• RhyMe
    Oct 18, 2010 - 2:25PM

    I think the Court overstepped its limits this time which many even those like me supporting SC weren’t expecting…lets assume it wasn’t just a rumour and had some truth to it still the reporter and channel that first aired this news should have been asked first for the authenticity of this news rather pointing all guns straight at PM…

    i would like to see if it was just a rumor or it actually was gonna happen!Recommend

  • Mulazin Hussain
    Oct 18, 2010 - 2:34PM

    The above article does provide readers with a perspective to obtain about the over-reaction of the supreme juidiciary…. 1) Supreme courts verdict dt.31-07-2009 amply clarified that the deposed judges would be deemed to have never been deposed. 2) Soon after the rumoured ticker on 2-3 channels on 14/10/10 the Prime Minister of Pakistan refuted the rumour categorically. 3) 17 Honourable Judges got together in the midnight and issued a stern worded press release. 4) Next day 17 Honourable Judges required Attorney General to get P.M. send his signed assurance not to withdraw notification of reinstatement of judges. 5) Supreme court issued his speaking Order dt. 15/10/2010 to restrain the Government to withdraw the notification which if done would be tantamount to treason etc and remarked that they knew as fact that the ticker was correct.6) P.M. addressed the nation and clarified and reiterated what he had already said on Thuesday night and implored the juidiciary to believe in the words of Prime Minister of Pakistan.7) On 18/10/10 the one of the honourable judges still found necessary to remark that ONE JOURNALIST(Dr.Shahid Masood) has said on t.v. that the withdrawal notification had been signed before it all unfurled. After accumulating all mentioned above Does it show the insecurity on the part of juidiciary or systemic malady to overeach to destabilise the other organs of state on one pretext or the other? waiting for the more reasoned advice on above. Recommend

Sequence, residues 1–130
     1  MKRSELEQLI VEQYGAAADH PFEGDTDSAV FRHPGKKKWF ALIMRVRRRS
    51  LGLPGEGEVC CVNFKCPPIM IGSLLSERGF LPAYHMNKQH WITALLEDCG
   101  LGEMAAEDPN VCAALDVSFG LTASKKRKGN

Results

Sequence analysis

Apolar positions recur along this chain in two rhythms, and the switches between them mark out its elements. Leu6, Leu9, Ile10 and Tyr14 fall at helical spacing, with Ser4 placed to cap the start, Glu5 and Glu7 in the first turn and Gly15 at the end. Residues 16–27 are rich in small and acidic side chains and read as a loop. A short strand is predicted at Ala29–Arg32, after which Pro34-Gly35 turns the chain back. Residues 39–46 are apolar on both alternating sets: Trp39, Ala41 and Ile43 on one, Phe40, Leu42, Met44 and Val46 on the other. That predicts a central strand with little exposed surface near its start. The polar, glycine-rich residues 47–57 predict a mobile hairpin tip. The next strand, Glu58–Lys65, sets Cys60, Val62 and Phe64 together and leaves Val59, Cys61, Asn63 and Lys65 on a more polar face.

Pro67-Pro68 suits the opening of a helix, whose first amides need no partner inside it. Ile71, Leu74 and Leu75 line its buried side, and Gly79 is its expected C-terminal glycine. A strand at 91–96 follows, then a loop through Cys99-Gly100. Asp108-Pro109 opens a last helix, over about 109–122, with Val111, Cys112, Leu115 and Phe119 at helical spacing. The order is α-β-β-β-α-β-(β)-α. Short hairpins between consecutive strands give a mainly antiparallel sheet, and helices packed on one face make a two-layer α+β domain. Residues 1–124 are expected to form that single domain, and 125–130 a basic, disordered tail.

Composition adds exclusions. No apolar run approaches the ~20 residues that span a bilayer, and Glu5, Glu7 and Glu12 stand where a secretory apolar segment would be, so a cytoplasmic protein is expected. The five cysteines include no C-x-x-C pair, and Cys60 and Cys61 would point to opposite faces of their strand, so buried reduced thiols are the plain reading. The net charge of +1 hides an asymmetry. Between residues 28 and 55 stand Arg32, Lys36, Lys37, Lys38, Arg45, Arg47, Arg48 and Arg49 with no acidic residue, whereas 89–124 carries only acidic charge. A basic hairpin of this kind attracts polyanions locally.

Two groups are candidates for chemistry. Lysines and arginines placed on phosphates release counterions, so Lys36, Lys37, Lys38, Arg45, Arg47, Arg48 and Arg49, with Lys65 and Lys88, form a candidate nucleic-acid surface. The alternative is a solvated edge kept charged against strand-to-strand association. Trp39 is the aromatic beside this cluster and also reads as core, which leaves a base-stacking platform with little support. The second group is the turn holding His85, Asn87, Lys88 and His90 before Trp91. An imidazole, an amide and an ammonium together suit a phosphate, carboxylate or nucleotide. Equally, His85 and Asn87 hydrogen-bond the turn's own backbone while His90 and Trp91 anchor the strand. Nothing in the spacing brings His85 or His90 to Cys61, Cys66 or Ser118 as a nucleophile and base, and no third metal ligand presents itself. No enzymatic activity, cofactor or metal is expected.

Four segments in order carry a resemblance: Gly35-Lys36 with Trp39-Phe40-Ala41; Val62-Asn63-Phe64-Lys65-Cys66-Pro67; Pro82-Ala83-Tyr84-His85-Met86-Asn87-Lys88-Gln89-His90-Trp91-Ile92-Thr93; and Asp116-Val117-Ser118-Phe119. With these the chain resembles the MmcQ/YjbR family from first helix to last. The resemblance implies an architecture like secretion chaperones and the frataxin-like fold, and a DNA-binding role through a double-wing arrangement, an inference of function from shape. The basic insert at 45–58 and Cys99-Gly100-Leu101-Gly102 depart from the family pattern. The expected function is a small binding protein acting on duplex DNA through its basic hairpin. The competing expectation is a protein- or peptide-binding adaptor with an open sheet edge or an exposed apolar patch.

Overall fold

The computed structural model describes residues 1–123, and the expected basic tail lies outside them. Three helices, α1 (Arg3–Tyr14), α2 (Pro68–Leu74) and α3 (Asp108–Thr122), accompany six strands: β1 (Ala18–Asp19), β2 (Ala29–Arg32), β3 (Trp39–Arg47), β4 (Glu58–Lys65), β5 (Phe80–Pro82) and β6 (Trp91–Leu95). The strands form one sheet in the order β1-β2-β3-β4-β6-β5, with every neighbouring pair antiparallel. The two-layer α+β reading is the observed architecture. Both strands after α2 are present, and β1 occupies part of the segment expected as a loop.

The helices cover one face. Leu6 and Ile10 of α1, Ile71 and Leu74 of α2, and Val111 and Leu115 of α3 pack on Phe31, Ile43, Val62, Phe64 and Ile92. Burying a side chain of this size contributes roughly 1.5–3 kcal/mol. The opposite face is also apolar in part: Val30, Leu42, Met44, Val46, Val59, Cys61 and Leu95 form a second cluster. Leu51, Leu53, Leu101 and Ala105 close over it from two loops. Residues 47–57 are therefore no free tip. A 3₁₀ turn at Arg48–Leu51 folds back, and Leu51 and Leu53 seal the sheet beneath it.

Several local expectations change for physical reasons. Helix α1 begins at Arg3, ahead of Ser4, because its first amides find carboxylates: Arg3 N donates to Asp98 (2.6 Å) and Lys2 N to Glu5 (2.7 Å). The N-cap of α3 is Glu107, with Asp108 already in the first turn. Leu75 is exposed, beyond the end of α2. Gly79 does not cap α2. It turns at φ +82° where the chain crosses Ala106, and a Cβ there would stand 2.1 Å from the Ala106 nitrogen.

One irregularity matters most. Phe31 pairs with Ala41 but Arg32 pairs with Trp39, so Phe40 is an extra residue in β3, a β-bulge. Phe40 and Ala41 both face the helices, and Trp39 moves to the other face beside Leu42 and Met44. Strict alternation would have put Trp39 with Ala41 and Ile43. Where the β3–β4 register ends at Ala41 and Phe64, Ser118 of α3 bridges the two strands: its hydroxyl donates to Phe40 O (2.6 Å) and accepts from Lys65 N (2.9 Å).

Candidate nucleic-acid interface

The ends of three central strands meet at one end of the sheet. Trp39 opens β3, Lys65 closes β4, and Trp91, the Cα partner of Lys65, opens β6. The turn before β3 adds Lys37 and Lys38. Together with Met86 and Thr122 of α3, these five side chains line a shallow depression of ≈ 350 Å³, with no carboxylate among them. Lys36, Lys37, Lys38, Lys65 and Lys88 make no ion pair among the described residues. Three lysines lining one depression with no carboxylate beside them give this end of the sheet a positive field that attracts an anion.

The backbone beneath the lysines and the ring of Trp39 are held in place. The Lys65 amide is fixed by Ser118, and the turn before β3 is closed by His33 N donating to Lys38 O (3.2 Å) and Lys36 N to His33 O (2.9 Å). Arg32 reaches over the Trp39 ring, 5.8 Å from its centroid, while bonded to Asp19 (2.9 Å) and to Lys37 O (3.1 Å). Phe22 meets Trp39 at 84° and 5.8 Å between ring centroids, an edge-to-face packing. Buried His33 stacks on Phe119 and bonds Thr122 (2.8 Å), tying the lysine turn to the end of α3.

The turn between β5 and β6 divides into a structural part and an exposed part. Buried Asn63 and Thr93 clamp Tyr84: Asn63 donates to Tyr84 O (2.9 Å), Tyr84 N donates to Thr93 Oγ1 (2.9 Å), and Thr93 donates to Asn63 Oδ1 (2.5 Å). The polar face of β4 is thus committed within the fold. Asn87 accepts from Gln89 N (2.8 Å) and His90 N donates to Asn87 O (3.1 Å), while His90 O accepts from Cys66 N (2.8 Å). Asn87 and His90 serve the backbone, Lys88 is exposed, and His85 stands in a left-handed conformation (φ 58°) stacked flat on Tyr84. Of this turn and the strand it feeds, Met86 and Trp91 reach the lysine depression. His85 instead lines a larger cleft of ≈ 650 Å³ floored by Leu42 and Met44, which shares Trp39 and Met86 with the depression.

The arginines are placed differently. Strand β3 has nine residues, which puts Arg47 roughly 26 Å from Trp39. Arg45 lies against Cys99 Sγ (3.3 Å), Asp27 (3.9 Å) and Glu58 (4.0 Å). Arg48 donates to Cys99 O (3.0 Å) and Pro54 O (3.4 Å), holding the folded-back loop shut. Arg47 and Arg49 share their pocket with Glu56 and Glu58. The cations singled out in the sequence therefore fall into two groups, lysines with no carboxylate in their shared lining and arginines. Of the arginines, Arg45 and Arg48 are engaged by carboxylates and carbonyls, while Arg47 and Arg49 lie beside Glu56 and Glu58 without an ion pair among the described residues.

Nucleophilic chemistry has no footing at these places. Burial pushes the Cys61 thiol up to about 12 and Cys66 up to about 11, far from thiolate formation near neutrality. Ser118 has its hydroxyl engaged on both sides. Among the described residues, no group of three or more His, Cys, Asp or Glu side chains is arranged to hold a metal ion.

• Ashraf Khan
    Oct 18, 2010 - 2:43PM

    the govt of the people must retaliate in a disproportionaly severe manner like asking the judeciary about dependency with the supreme court of pakistan if not with the judeciary as a whole. if govt can be asked, when no unconstitutional govt was asked for inefficency like the traffic jam, then why not the judeciary. everyone is accountable in a democratic polity consequently they should be exposed to the people as anyone else. Recommend

  • Ashraf Khan
    Oct 18, 2010 - 2:45PM

    pendency instead of dependency in the above please. Recommend

  • Oct 18, 2010 - 3:46PM

    Ijaz it boil down to only one conclusion that even the judges of the supreme court feel insecure and they are demanding a written assurance that no extra-constitutional step will be taken against them. Where will this sentiment of insecurity take Pakistan?Recommend

  • Usama Zafar
    Oct 18, 2010 - 3:50PM

    Nice article!!Recommend

  • Haris
    Oct 18, 2010 - 3:54PM

    Well reasoned and wrote peice, Ijaz! Dont you think it was just a pre-emption to set the stage for more furious, 18th amendment and NRO judgements, in order to put the government on backfoot?In my opinion this latest “suo moto”, taken in connivance with a particular group of so called journalists has back fired.Recommend